Category: Arkansas Forecast

Arkansas Economic Forecast Presentation

By , November 16, 2016 2:06 PM

Little Rock Regional Economic Briefing

Thank you to all who attended this morning’s Regional Economic Briefing, where I presented my annual forecast for the Arkansas economy.  Special thanks to the Little Rock Branch of the Federal Reserve Bank of St. Louis for co-sponsoring the event.

Below are links to the presentations:

Kevin Kliesen:  National Economic Conditions

Charles Gascon:   Startups, STEM Jobs and the Tech Sector

Michael Pakko:  The Arkansas Economic Outlook

Print Friendly, PDF & Email

This Year’s “Forecasting a Revision of History”

By , October 31, 2012 4:32 PM

One of the more upbeat prognostications from the 2012 Arkansas Economic Forecast Conference was the prediction that revisions to the employment data will ultimately show much stronger job growth in Arkansas than reported in the currently-published data.  Due to the nature of the expected revisions, this prediction is also somewhat tricky to interpret.  Hence this more detailed explanatory note is in order.

The monthly statistics on payroll employment–the Current Employment Statistics (CES) — are among the most timely and revealing economic indicators available at the state level.  However, they are based on a sample survey of employers, so they are subject to sampling error.  Moreover, important pieces of missing information involves the rate of new business formation and the closure of failed firms.  The Bureau of Labor Statistics estimates the effect of these changes with a “birth/death model.”  Particularly in times of economic turmoil, even the best modeling can end up being far off the mark.  The CES is also subject to a number of other non-sampling errors.

Once per year, the BLS revises the CES data with the more accurate statistics from the Quarterly Census of Employment and Wages (QCEW).  Based on records from state unemployment insurance offices, the QCEW is very comprehensive, covering 98% of all U.S. jobs.  Because it is so comprehensive, however, it is only available after a fairly long lag.  Data for the first quarter of 2012 only came out at the end of September.  These first quarter data will be used to revise the CES data in the annual “Benchmark Revision” process.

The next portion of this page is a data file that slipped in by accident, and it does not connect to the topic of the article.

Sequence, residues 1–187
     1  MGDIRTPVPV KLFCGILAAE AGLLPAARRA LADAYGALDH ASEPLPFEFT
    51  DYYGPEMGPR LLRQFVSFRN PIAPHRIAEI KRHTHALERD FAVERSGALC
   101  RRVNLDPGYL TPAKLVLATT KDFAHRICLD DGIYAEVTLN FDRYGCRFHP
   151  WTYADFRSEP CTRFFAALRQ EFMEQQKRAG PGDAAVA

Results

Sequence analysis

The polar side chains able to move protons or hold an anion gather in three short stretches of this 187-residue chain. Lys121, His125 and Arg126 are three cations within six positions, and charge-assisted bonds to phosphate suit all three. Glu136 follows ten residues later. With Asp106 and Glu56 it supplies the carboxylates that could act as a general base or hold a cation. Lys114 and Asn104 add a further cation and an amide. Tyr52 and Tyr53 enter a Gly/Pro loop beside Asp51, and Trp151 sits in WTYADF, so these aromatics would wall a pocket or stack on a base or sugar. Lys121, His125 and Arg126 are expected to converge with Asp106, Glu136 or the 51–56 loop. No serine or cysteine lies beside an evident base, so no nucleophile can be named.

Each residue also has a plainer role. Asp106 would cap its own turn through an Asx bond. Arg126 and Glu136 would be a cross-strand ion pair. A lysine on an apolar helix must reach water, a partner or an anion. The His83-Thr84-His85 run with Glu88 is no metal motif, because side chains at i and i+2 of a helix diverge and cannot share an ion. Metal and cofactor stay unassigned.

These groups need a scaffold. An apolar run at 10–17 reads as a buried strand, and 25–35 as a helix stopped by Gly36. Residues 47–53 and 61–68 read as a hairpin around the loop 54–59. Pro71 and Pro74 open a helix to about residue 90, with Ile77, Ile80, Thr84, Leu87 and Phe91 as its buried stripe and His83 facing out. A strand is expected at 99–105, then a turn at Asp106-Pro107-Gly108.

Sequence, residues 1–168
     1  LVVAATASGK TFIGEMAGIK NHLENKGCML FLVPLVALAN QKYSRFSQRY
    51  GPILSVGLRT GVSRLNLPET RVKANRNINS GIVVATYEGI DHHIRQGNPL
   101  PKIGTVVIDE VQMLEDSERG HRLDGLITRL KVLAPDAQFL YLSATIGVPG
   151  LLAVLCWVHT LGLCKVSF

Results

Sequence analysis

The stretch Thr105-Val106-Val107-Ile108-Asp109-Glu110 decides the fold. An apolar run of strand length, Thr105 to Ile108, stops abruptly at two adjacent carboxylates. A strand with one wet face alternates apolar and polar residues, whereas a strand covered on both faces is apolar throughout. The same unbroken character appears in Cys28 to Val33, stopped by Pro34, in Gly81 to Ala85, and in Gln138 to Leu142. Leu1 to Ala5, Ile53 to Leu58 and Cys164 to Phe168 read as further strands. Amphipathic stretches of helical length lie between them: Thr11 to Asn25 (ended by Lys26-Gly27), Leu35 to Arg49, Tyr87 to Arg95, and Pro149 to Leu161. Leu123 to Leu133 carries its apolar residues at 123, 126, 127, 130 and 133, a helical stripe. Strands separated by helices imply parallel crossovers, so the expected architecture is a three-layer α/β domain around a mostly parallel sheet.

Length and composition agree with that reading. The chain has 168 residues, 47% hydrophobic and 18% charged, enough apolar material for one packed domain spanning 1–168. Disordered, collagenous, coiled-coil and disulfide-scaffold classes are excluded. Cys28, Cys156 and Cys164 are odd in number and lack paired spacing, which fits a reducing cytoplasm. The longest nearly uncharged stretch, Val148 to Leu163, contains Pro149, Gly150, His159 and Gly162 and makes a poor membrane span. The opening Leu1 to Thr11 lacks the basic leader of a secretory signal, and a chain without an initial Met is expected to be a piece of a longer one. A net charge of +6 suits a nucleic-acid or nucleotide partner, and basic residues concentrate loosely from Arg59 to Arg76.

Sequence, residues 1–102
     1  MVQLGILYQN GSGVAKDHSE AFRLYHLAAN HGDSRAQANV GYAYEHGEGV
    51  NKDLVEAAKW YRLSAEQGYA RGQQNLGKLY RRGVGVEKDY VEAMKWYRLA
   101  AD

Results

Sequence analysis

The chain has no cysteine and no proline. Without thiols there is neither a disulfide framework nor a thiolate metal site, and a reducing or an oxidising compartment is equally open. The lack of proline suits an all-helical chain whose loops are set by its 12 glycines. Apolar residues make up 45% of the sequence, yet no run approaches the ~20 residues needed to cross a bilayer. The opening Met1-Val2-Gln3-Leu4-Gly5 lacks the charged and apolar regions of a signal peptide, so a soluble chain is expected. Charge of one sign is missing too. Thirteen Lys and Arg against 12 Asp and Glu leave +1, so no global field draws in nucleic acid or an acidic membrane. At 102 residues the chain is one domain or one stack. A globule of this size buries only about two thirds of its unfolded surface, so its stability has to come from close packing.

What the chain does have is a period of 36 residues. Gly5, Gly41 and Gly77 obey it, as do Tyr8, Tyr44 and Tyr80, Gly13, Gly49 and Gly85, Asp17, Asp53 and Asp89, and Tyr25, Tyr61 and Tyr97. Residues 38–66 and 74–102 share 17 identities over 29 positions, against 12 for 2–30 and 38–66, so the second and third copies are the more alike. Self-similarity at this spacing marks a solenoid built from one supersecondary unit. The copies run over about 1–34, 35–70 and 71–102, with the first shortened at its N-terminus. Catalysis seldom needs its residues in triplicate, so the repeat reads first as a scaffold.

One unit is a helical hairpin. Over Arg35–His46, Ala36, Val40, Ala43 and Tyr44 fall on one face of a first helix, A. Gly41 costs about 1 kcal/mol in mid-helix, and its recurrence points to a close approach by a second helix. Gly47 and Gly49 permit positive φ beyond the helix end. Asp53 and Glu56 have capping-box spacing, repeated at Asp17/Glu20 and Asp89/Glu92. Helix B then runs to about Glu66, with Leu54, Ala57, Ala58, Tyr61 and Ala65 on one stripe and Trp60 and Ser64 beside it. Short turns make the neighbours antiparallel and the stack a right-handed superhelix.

The benchmark revisions will not be completed until after the release of monthly CES data at the end of the year, but there is enough information available at this time to make a fairly accurate estimate of what the revision process will reveal.  In recent years, the revisions have been substantial  (see here and here, for example).  The next benchmark revision is expected to reveal a large upward revision to the total employment count in Arkansas.

The chart below illustrates the magnitude of the expected revision.  The revised data projections diverge from currently-published figures in July 2011, with a net increase of 9,700 jobs.  The largest monthly revision is for October 2011 — amounting to nearly 19,000 jobs.  Because the QCEW data extend only through March 2012, job growth for April through September is unrevised, so monthly changes are simply appended to the revised data.

Sources: Bureau of Labor Statistics, Institute for Economic Advancement

Because of the timing of the revisions, the next benchmark revision will show substantial upward adjustment of job growth in 2011.  As a result, the net increase in employment in 2012 will actually be revised downward.  Nevertheless, this downward revision in growth represents a large upward shift in the number of jobs at any particular point in time.   The revisions are expected to raise 2011 job growth from -3,100 to +9,400, an upward revision of 12,500 jobs.  With employment expected to be so much higher at the end of 2011, job growth data for 2012 will actually be lower than current data are showing.  For example, year-over-year growth through September 2012 is currently reported at +10,800, but is likely to be revised to +10,300.